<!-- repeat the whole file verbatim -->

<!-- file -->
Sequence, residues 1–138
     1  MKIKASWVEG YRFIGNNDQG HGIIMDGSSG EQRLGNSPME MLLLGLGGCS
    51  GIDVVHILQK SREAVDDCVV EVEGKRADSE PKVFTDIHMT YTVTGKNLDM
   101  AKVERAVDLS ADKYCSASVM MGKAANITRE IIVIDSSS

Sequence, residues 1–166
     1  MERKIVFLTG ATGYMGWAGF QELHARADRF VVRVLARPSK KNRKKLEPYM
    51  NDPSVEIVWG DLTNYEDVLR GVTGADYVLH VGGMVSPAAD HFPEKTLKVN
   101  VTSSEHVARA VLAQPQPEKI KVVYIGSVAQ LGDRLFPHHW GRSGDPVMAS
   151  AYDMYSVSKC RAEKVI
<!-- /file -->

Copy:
Sequence, residues 1–138
     1  MKIKASWVEG YRFIGNNDQG HGIIMDGSSG EQRLGNSPME MLLLGLGGCS
    51  GIDVVHILQK SREAVDDCVV EVEGKRADSE PKVFTDIHMT YTVTGKNLDM
   101  AKVERAVDLS ADKYCSASVM MGKAANITRE IIVIDSSS

Sequence, residues 1–166
     1  MERKIVFLTG ATGYMGWAGF QELHARADRF VVRVLARPSK KNRKKLEPYM
    51  NDPSVEIVWG DLTNYEDVLR GVTGADYVLH VGGMVSPAAD HFPEKTLKVN
   101  VTSSEHVARA VLAQPQPEKI KVVYIGSVAQ LGDRLFPHHW GRSGDPVMAS
   151  AYDMYSVSKC RAEKVI